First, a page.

Kelley Blue Book offers advice on flood-damaged cars

(September 23, 2017) IRVINE, Calif. —  While Hurricanes Harvey and Irma impacted as many as 1 million vehicles, according to Cox Automotive and Kelley Blue Book analysts, the effects of these events extend beyond those with severely damaged vehicles.

Used-car prices are likely to spike — the result of lower supply and higher demand. In addition, used-car shoppers — even those beyond the impacted regions — need to be careful to avoid purchasing a flood-damaged vehicle from unscrupulous parties. Whatever the circumstance, Kelley Blue Book's expert editorial team is here to provide guidance.

Affected vehicle owners

Q: My car got flooded; what do I do first?

A: Let's begin with what you shouldn't do: Don't try to start the car. If flood water has entered any number of systems, you could cause more damage. If you have comprehensive insurance, your best bet is to call your insurance company. If you don't have applicable insurance, you'll need to assess the cost to repair the damage (Alliance Inspection Management is a Kelley Blue Book partner and will come to you), then weigh your options considering a multitude of factors.

Either way, it can't hurt to open the doors and windows, give the interior a thorough going-over with a wet/dry vacuum and perhaps even pull up the carpet, all to help dry out the car and prevent mold growth.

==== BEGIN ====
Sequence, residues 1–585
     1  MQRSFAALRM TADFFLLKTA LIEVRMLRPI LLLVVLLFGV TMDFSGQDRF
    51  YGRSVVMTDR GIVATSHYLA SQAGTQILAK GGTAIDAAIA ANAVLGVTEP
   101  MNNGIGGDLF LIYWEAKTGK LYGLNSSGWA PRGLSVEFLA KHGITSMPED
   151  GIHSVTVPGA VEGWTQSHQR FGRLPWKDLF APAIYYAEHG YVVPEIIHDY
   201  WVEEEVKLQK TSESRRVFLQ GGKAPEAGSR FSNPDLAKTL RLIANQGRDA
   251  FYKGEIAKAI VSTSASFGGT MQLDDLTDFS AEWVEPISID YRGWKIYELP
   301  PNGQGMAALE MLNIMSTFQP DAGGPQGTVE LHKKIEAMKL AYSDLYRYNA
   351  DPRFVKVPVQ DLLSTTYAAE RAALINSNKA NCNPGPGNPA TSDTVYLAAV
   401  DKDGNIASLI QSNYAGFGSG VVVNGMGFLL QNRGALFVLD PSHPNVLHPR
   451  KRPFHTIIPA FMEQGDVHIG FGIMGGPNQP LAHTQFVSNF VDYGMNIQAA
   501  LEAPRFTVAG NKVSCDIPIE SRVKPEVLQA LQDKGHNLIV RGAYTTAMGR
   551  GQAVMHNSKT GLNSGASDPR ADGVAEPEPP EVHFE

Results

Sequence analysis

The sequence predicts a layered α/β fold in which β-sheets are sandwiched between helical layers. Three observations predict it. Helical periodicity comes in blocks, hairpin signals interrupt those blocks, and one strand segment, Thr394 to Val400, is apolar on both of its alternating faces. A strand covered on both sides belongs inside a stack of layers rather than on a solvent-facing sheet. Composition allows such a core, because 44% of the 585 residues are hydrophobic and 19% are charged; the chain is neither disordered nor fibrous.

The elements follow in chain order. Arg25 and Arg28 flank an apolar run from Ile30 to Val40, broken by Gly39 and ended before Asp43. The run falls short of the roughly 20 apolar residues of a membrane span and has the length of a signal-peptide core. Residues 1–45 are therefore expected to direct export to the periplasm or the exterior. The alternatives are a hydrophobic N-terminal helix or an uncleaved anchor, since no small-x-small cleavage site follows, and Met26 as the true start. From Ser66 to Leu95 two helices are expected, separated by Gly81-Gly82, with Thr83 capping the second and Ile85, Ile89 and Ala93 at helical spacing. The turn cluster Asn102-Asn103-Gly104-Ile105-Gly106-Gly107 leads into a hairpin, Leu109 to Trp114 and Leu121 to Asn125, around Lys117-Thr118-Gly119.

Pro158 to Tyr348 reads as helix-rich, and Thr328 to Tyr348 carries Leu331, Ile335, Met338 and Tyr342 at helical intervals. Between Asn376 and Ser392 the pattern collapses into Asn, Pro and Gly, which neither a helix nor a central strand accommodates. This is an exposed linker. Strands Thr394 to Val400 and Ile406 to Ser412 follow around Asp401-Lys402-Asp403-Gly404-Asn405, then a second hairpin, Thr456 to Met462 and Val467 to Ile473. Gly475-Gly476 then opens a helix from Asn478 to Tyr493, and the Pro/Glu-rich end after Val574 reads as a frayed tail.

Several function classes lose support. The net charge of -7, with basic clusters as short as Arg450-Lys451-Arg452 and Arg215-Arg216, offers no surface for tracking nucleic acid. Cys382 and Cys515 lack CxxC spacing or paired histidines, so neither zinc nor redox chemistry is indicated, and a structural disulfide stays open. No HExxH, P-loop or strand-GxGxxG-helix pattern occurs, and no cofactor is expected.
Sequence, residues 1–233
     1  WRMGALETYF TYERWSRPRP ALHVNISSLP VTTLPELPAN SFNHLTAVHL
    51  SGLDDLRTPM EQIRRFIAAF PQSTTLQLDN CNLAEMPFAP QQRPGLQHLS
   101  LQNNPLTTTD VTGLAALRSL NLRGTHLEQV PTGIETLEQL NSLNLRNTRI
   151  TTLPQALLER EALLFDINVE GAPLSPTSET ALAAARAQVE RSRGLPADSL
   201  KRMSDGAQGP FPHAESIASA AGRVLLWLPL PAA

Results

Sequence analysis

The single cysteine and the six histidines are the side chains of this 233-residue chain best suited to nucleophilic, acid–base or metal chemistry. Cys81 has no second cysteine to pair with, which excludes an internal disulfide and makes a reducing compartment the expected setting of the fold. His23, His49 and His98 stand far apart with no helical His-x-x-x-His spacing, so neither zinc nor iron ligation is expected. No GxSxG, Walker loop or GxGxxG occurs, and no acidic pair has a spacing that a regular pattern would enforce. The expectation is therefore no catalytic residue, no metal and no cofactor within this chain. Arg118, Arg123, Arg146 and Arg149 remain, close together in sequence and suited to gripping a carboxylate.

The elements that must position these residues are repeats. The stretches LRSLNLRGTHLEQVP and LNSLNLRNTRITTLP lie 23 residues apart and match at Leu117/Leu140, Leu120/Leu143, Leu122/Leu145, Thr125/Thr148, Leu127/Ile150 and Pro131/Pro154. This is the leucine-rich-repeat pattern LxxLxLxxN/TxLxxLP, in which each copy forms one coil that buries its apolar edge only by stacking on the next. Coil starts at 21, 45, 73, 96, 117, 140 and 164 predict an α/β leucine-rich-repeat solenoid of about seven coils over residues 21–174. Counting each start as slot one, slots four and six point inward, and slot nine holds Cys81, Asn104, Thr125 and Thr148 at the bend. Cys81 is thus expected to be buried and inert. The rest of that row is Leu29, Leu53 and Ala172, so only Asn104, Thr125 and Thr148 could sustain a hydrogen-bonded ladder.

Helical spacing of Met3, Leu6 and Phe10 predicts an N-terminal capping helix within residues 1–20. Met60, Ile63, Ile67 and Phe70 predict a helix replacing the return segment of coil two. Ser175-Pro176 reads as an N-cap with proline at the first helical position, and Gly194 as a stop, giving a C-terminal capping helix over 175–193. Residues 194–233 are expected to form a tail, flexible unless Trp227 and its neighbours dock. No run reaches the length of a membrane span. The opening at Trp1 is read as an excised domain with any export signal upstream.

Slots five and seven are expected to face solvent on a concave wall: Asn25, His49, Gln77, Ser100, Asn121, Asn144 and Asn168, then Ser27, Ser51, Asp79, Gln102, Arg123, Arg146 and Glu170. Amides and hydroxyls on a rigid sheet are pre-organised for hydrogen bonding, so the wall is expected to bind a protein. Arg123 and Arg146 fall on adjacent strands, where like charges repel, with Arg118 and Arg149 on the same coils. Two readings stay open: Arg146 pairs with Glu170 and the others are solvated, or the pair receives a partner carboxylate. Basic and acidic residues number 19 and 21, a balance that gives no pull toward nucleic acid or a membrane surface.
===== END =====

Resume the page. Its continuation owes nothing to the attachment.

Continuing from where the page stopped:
Q: Is my car totaled?

A: A general rule of thumb is that insurance companies will consider a car a total loss if the water level reached up to the dashboard, behind which exists a variety of electronic componentry. Depending on how much you might owe on the car, how much you could get by selling the car to a dismantler, how long you plan to keep the car, and a variety of additional factors, you might be wise to use the same benchmark.

A big factor to keep in mind when weighing the financials is that a car's resale value can be severely reduced by any sign of flood damage, whether or not it's officially noted on the car's title or vehicle history report.

Q: Should I keep making my monthly car payment?

A: Talk with your vehicle finance company. Many manufacturer-related financing arms — Ford Credit, GM Financial, Toyota Financial Services, etc. — are offering generous payment flexibility to affected owners.

Used car shoppers in affected areas (and beyond)

Q: What's the surest way to avoid buying a flood-damaged car?

A: Obtain a vehicle history report (Autocheck is a Kelley Blue Book partner) and visually inspect the vehicle for the many telltale signs of flooding, including silt residue under the carpet or under the dash. If you can't tell or you're not sure, pay the relatively small fee to have a mechanic evaluate the car (which is never a bad idea any time you buy a used vehicle).

Q: Can I get a great deal on a flood-damaged car?

A: Generally speaking, we recommend steering far clear of any vehicle that's been involved in a flood. Given the higher likelihood of future problems and the eventual resale-value implications, the chances of finding a diamond in the rough are pretty slim.

Q: I don't live anywhere near Texas or Florida; do I need to be concerned?

A: Yes. Unscrupulous parties can obtain a flood-damaged car for very cheap, "clean" the title by registering it in a different state, and then sell it in another state for full value by passing it off as an unaffected vehicle.